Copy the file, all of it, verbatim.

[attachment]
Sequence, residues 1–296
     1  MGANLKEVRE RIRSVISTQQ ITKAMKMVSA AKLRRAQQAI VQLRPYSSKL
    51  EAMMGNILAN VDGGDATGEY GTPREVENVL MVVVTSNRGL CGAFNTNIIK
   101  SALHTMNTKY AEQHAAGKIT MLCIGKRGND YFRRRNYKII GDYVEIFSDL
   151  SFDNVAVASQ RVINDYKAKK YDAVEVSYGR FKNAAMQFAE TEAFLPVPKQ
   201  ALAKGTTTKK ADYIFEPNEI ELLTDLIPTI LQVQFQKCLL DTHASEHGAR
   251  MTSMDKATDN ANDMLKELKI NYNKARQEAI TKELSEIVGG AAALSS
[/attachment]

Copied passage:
Sequence, residues 1–296
     1  MGANLKEVRE RIRSVISTQQ ITKAMKMVSA AKLRRAQQAI VQLRPYSSKL
    51  EAMMGNILAN VDGGDATGEY GTPREVENVL MVVVTSNRGL CGAFNTNIIK
   101  SALHTMNTKY AEQHAAGKIT MLCIGKRGND YFRRRNYKII GDYVEIFSDL
   151  SFDNVAVASQ RVINDYKAKK YDAVEVSYGR FKNAAMQFAE TEAFLPVPKQ
   201  ALAKGTTTKK ADYIFEPNEI ELLTDLIPTI LQVQFQKCLL DTHASEHGAR
   251  MTSMDKATDN ANDMLKELKI NYNKARQEAI TKELSEIVGG AAALSS